New Lung Stem Cells Discovered!
A recent study by a group of researchers led by Dr. Brigitte Gomperts from the University of California, San Francisco, has discovered a set of new stem cells in the airways of the lungs that aid in the repair mechanism.
These stem cells were named “sub-mucosal gland duct stem cells” by Ahmed Hegab, a team member, as they were discovered in the mucus secreting ducts in the upper airway of lungs.
The upper airway of lungs produces mucus secreted by specialized mucus glands. Mucus production and removal is a protective mechanism against the environmental toxins and infections that enter the body when we breathe.
But in respiratory diseases such as asthma, cystic fibrosis and COPD or chronic obstructive pulmonary disease, the mucus is produced in excess quantities and currently there are no treatments available to remove this excess mucus.
According to Dr. Gomperts, if the underlying mechanism through which these newly discovered stem cells repair the mucus glands is understood, then the over-production of mucus can be prevented by putting brakes on the mucus producing glands.
She also opines that these cells help in studying and understanding the mechanisms of the upper airway diseases.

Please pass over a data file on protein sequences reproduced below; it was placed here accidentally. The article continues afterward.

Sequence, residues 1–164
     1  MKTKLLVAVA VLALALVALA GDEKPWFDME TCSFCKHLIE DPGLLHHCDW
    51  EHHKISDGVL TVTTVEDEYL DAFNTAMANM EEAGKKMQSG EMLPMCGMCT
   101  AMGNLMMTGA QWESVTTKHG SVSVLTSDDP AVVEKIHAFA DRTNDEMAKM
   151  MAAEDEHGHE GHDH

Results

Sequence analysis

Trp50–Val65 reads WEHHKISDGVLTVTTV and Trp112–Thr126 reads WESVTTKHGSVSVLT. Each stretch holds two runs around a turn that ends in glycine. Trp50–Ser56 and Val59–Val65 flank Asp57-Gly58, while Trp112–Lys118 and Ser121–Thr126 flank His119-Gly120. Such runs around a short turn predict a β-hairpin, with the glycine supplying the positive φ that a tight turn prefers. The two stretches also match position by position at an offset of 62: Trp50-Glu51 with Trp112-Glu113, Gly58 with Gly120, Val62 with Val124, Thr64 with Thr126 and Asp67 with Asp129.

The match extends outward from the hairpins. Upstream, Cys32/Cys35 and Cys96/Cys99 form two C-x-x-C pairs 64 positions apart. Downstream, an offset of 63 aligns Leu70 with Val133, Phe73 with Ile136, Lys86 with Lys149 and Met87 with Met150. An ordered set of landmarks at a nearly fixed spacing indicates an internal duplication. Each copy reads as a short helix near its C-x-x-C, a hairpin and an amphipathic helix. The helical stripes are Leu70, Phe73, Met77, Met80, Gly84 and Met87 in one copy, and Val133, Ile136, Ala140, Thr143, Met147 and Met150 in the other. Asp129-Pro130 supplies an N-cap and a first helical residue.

The group created an upper airway model to identify the presence of these stem cells and isolate them. Once isolated the stem cells were able to replicate and regenerate themselves.
Moreover, the differentiation capability of these lung stem cells into surface epithelial cells and mucus gland cells was tested and the team confirmed that these cells can indeed differentiate.
This was confirmed in model systems that were lacking in mucus glands and surface epithelium. The isolated stem cells with the help of other cell types differentiated into mucus cells and repaired the surface barrier.
This new discovery which can help in understanding the mechanism through which the stem cells repair mucus glands can help in finding a way to prevent excess mucus production.